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Adjuvanted Influenza Vaccine Effectiveness in the Elderly (65+Yrs)

The recruitment status of this study is unknown. The completion date has passed and the status has not been verified in more than two years.
Verified September 2012 by Paul VanBuynder, Fraser Health.
Recruitment status was:  Recruiting
Novartis Pharmaceuticals
Information provided by (Responsible Party):
Paul VanBuynder, Fraser Health Identifier:
First received: August 25, 2011
Last updated: September 28, 2012
Last verified: September 2012
This study explores the hypothesis that the use of an adjuvanted influenza vaccine in the elderly will produce greater vaccine effectiveness in their group.


Study Type: Observational
Study Design: Observational Model: Case Control
Time Perspective: Prospective
Official Title: A Case-Control Study to Evaluate the Effectiveness of Adjuvanted Trivalent Inactivated Influenza Vaccine in the Elderly Aged ≥65 Years.

Resource links provided by NLM:

Further study details as provided by Paul VanBuynder, Fraser Health:

Primary Outcome Measures:
  • Vaccine effectiveness against laboratory confirmed influenza illness [ Time Frame: Influenza season 2011/12 and 2012/13 ]
    Evaluation of the effectiveness of an adjuvanted TIV in the elderly aged ≥65 years, through the reduction in relative risk of microbiologically confirmed influenza illness

Estimated Enrollment: 1000
Study Start Date: November 2011
Estimated Study Completion Date: June 2013
Estimated Primary Completion Date: April 2013 (Final data collection date for primary outcome measure)
Adjuvanted Vaccine Group
Unadjuvanted Vaccine Group
Unvaccinated Elderly

Detailed Description:
To evaluate the effectiveness of adjuvanted trivalent inactivated influenza vaccine in the elderly (aged ≥ 65 years) through the reduction in relative risk of microbiologically confirmed influenza illness

Ages Eligible for Study:   65 Years and older   (Adult, Senior)
Sexes Eligible for Study:   All
Accepts Healthy Volunteers:   Yes
Sampling Method:   Non-Probability Sample
Study Population
All elderly over 65 years in the lower mainland of British Columbia presenting with an influenza-like-illness

Inclusion Criteria:

1.Elderly tested for influenza as part of routine clinical care in the Lower Mainland and on Vancouver Island during the influenza season.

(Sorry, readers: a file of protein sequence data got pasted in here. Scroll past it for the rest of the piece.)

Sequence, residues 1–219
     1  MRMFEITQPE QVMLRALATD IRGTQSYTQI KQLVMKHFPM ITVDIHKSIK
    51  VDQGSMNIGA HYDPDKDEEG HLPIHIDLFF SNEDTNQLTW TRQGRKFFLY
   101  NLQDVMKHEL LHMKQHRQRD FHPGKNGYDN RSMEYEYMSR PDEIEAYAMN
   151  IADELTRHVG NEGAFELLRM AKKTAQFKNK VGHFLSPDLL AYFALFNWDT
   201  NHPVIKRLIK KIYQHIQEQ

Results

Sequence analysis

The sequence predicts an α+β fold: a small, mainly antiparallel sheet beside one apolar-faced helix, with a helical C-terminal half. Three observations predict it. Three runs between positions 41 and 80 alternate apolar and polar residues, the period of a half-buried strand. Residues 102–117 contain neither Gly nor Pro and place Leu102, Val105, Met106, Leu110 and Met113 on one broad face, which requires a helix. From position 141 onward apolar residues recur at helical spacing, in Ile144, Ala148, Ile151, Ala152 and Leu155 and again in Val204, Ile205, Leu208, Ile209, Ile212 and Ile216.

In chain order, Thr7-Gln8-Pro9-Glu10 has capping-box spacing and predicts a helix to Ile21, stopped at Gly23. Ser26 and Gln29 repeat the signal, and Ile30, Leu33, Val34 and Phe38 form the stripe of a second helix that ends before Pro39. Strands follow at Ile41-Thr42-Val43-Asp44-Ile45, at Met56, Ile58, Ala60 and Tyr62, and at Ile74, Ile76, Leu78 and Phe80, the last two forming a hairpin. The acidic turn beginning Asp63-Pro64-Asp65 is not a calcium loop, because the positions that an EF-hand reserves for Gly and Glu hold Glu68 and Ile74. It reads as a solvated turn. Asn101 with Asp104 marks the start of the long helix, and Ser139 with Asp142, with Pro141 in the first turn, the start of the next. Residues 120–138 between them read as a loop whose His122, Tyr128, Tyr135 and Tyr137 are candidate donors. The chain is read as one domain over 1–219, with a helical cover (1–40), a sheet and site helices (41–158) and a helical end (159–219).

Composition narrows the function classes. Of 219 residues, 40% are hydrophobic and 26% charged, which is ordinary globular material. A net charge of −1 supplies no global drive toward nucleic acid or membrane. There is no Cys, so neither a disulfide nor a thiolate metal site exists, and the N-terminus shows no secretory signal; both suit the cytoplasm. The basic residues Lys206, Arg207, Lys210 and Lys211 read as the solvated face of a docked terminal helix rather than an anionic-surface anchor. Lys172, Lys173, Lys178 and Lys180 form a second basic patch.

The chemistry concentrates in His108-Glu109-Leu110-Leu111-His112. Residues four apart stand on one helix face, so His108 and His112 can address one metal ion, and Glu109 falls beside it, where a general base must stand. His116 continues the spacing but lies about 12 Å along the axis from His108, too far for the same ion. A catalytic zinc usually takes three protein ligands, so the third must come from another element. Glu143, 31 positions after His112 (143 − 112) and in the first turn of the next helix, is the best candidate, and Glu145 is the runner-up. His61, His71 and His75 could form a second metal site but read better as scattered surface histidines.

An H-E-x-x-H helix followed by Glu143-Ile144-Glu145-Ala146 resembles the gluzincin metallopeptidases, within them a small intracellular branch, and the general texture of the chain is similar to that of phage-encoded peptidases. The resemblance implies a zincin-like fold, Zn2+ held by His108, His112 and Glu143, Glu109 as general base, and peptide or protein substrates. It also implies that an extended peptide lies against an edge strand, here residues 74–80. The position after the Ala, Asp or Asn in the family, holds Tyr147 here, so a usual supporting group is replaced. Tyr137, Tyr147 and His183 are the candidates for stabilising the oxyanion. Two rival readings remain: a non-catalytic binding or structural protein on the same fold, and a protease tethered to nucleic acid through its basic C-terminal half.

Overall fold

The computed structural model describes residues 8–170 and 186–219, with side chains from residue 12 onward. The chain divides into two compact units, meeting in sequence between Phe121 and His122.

Cases: Proven influenza diagnosed on naso-pharyngeal swab via PCR Controls: Elderly with influenza-like-illness testing negative for influenza during the influenza season.

Exclusion Criteria:

  1. Known immunodeficiency disorders (including HIV)
  2. Current or recent (within 90 days prior to first dose of influenza vaccine) immunosuppressive treatment including chronic oral steroids (1mg/kg for > 4 weeks), cytotoxic chemotherapy, radiation therapy, other immunosuppressive drug and biologic agents Note: Use of topical or inhalant corticosteroids is acceptable.
  3. Administration of immunoglobulins during the study period;
  Contacts and Locations
Choosing to participate in a study is an important personal decision. Talk with your doctor and family members or friends about deciding to join a study. To learn more about this study, you or your doctor may contact the study research staff using the Contacts provided below. For general information, see Learn About Clinical Studies.

Please refer to this study by its identifier: NCT01424371

Contact: PAUL G VAN BUYNDER, MBBS MPH 6044187497

Canada, British Columbia
Fraser Health Authority Recruiting
Surrey, British Columbia, Canada, V3T 5H5
Principal Investigator: PAUL G VAN BUYNDER, MBBS MPH         
Sponsors and Collaborators
Fraser Health
Novartis Pharmaceuticals
Principal Investigator: PAUL G VAN BUYNDER, MBBS MPH Fraser Health Authority
  More Information

Responsible Party: Paul VanBuynder, Chief Medical Health Officer, Fraser Health Identifier: NCT01424371     History of Changes
Other Study ID Numbers: 2011-071
Study First Received: August 25, 2011
Last Updated: September 28, 2012

Additional relevant MeSH terms:
Influenza, Human
Orthomyxoviridae Infections
RNA Virus Infections
Virus Diseases
Respiratory Tract Infections
Respiratory Tract Diseases
Immunologic Factors
Physiological Effects of Drugs processed this record on August 22, 2017